When the Pentagon was flush with war funds a decade ago, buying new tanks and armored fighting vehicles was not a pressing priority. At the time, it was believed that tank warfare was a thing of the past, and even if the Army had wanted to buy new systems, procurement officials were disillusioned by the state of technology and gun shy to invest in new ventures after the colossal failure of the multibillion-dollar “future combat systems” program that was launched in 2002 and terminated in 2009.
In the newly released “U.S. Army Combat Vehicle Modernization Strategy,” the Army lays out a 30-year plan to beef up its formations with new and improved vehicles. But officials are letting it be known that projects will be limited in scope and technological reach in the near term, while the more ambitious efforts are being pushed to 2030 and beyond.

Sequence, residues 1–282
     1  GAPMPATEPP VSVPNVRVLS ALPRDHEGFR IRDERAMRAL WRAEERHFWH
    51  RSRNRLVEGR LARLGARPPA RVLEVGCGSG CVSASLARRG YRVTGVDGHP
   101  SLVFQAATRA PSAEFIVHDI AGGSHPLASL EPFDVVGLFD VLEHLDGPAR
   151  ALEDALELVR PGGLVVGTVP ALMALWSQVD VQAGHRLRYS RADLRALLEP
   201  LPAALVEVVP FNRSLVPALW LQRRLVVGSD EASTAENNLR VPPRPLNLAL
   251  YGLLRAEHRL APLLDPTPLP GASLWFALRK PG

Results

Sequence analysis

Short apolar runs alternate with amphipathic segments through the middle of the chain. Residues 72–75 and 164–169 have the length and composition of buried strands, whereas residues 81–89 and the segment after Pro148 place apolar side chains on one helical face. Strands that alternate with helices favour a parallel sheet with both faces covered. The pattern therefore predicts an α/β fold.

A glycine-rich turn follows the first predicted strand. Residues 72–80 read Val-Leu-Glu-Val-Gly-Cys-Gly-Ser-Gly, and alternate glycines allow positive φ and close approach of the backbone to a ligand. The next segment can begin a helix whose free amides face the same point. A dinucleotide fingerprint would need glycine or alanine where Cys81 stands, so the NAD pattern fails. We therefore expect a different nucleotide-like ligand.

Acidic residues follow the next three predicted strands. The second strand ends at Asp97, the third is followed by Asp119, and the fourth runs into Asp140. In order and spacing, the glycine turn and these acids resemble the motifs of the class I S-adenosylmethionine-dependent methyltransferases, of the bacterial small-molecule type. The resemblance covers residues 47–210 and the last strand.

Officials have made it clear that there is no money for whiz-bang programs.
“Years ago we were limited by technology. Now are limited by money,” Brig. Gen. David G. Bassett, Army program executive officer for ground combat systems, told reporters Oct. 13 at the Association of the United States Army annual conference. “I see a lot of great technology and ideas but we are constrained by budget,” he added. At the projected production rates, it will take more than a decade to field any of the upgrades that are now under way for the Abrams tank, the Bradley fighting vehicle and other platforms.